Should We Have an Endowment Fund?
As mentioned in a previous article, the meaning of endowment in Canada is a fleeting one, largely because the word lacks a formal legal definition. As a result, endowment has been subject to a myriad of conflicting definitions, resulting in considerable confusion for fundraisers and other charity personnel.
As a result of this confusion, it’s probably easier to either scrap the word entirely or understand that it is open to significant interpretation. Rather than debate the term’s meaning, it’s probably easier to think of endowments in terms of spending restrictions that a donor places on a gift. Let me explain.
Most charitable gifts have no restrictions. In other words, I may make an irrevocable gift to a charity with absolutely no restrictions meaning that the recipient can use the gift as it chooses in furtherance of its mission (or its charitable purpose). In some cases, I may, with the charity’s consent, place restrictions on how the gift is used. For example, I may make a gift to a hospital foundation with the restriction that it be used to support emergency services at the hospital.
Gift restrictions are not, however, limited to how a gift is used. Restrictions may also determine how a gift is spent. Again, donor and charity must agree on the terms. For example, I may make a gift of $100,000 to a charity with the provision that it is spent equally ($10,000) over ten years. Similarly, I may make a similar size gift to the same charity with a provision that the only the income generated from the gift is used for ten years and then the remaining capital is spent in its entirety after the ten-year period expires.
Are either of my gifts endowments? The answer, in short, is that it doesn’t matter. What matters here is that the donor and charity are agreeing on spending restrictions. If they both agree, and if they are both happy with the arrangement, then I would argue strongly that everyone benefits.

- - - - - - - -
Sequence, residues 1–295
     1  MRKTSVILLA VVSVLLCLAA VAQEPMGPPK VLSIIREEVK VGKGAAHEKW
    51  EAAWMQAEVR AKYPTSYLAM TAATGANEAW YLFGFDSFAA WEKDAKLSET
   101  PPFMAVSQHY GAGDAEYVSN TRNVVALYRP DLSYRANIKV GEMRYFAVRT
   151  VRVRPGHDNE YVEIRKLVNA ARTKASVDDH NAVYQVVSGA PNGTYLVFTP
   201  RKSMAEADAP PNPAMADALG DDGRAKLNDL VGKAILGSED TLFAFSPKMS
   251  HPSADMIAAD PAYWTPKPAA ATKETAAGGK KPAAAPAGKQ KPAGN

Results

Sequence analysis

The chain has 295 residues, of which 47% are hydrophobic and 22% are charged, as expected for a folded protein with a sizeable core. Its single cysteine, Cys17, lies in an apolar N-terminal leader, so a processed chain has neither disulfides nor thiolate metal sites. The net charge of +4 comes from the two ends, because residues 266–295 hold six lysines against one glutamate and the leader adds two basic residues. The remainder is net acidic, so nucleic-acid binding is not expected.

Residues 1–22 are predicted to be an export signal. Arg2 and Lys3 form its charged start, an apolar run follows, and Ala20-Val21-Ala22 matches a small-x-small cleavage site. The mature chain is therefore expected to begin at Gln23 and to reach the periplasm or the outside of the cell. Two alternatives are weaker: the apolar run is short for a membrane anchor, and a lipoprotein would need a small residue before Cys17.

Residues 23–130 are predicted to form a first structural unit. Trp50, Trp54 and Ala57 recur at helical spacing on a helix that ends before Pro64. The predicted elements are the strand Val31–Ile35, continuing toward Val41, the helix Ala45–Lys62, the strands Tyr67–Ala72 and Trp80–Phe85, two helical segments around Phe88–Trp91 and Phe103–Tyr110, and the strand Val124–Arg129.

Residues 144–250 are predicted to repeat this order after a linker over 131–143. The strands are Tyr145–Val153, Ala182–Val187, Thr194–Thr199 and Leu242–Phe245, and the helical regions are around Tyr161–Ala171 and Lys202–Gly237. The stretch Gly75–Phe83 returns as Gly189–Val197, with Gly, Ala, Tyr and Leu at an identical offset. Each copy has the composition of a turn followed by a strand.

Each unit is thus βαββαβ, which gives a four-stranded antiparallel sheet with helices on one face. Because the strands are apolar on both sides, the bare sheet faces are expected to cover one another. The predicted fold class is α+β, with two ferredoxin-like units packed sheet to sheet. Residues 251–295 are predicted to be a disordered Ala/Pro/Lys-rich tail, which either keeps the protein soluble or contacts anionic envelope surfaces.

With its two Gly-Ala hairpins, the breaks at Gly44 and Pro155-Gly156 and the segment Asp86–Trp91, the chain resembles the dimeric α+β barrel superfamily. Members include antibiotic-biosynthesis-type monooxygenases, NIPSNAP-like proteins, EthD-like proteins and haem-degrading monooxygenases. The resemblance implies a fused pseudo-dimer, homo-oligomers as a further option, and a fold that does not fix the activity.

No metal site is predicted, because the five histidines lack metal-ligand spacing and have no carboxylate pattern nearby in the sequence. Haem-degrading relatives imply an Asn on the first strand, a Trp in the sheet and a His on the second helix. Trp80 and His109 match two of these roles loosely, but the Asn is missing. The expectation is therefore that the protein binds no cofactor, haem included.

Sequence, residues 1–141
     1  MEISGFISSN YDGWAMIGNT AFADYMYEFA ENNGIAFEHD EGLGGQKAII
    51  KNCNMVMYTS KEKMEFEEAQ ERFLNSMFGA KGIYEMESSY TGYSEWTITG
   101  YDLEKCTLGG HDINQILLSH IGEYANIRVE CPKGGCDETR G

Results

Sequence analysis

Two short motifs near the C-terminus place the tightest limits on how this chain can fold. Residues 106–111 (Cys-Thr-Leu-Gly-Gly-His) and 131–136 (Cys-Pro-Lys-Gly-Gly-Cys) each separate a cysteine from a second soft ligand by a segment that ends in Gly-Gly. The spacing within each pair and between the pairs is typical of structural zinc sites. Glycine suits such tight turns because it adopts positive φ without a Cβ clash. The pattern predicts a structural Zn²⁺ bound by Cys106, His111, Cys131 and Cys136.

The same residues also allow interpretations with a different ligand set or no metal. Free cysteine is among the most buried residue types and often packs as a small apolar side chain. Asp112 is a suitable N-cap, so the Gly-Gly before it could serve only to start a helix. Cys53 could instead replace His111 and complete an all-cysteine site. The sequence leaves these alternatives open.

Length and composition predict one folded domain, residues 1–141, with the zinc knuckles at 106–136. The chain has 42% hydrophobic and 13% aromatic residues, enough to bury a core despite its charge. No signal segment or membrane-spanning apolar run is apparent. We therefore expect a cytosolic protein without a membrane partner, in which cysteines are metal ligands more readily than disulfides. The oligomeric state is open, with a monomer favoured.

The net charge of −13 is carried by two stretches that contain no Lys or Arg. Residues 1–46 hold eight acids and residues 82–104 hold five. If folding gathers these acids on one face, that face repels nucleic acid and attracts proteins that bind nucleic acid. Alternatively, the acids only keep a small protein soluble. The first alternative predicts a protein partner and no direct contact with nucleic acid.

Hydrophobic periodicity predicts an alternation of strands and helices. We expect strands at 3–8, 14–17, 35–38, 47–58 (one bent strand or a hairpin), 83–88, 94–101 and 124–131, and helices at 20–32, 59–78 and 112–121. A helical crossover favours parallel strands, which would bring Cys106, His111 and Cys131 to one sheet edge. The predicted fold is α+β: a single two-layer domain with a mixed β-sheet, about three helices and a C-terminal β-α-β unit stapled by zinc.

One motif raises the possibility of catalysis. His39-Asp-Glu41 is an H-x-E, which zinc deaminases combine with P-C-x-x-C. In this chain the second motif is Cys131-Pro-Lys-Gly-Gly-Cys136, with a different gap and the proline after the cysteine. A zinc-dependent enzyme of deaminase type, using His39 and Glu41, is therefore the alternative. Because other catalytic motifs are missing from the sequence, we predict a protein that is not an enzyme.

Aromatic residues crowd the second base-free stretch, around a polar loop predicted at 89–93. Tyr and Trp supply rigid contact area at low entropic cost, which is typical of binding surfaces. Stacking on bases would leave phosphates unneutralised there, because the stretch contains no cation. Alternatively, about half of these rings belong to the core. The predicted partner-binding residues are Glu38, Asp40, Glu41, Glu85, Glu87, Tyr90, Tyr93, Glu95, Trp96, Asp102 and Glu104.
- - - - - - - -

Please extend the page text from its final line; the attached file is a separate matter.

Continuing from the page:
Should my charity have an endowment fund? Should it allow, or encourage, donors to create endowments? This question perpetuates the confusion. Rather, the question is, or should be, should our charity allow donors to place restrictions on how gifts are spent.
Many donors like flexibility in terms of how their gifts are spent. They often prefer that their gift will be used to support not only the short-term interests of the organization but the future as well. While some charities may only prefer unrestricted gifts because a longer-term spending horizon may run counter to their mission, others may enjoy the longer-term stability that may accompany a different gift structure. A charity should decide, as part of its gift acceptance policy, what types of spending restrictions it will allow on gifts and under what conditions it will accept them.
For example, it may only allow restrictions on gifts that meet a minimum threshold. Or it may set a maximum period over which a gift may be spent (remember, perpetuity is a long time!). Either way, it should ask itself in advance whether it wants to entertain and encourage these conversations with its donors. And in doing so, the question of whether the charity should have an endowment will answer itself!
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